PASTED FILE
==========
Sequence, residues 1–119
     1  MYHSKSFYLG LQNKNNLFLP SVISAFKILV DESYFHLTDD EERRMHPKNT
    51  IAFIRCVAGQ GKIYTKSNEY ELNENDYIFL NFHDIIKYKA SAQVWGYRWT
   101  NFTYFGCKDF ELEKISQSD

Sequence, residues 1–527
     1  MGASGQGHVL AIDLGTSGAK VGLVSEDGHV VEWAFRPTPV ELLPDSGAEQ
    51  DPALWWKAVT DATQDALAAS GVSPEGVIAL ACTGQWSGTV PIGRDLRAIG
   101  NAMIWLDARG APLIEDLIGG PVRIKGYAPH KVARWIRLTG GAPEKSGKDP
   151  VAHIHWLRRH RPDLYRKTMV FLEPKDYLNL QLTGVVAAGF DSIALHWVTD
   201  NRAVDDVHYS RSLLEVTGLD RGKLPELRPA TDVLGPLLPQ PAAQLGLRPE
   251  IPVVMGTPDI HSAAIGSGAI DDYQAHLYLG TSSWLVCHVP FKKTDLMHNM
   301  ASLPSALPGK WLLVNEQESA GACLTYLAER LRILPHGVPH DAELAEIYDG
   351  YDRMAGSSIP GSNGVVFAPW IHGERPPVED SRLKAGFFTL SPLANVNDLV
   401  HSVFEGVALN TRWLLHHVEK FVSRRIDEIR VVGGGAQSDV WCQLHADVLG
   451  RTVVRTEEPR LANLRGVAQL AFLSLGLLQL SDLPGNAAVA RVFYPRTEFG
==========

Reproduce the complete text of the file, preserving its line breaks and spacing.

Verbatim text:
Sequence, residues 1–119
     1  MYHSKSFYLG LQNKNNLFLP SVISAFKILV DESYFHLTDD EERRMHPKNT
    51  IAFIRCVAGQ GKIYTKSNEY ELNENDYIFL NFHDIIKYKA SAQVWGYRWT
   101  NFTYFGCKDF ELEKISQSD

Sequence, residues 1–527
     1  MGASGQGHVL AIDLGTSGAK VGLVSEDGHV VEWAFRPTPV ELLPDSGAEQ
    51  DPALWWKAVT DATQDALAAS GVSPEGVIAL ACTGQWSGTV PIGRDLRAIG
   101  NAMIWLDARG APLIEDLIGG PVRIKGYAPH KVARWIRLTG GAPEKSGKDP
   151  VAHIHWLRRH RPDLYRKTMV FLEPKDYLNL QLTGVVAAGF DSIALHWVTD
   201  NRAVDDVHYS RSLLEVTGLD RGKLPELRPA TDVLGPLLPQ PAAQLGLRPE
   251  IPVVMGTPDI HSAAIGSGAI DDYQAHLYLG TSSWLVCHVP FKKTDLMHNM
   301  ASLPSALPGK WLLVNEQESA GACLTYLAER LRILPHGVPH DAELAEIYDG
   351  YDRMAGSSIP GSNGVVFAPW IHGERPPVED SRLKAGFFTL SPLANVNDLV
   401  HSVFEGVALN TRWLLHHVEK FVSRRIDEIR VVGGGAQSDV WCQLHADVLG
   451  RTVVRTEEPR LANLRGVAQL AFLSLGLLQL SDLPGNAAVA RVFYPRTEFG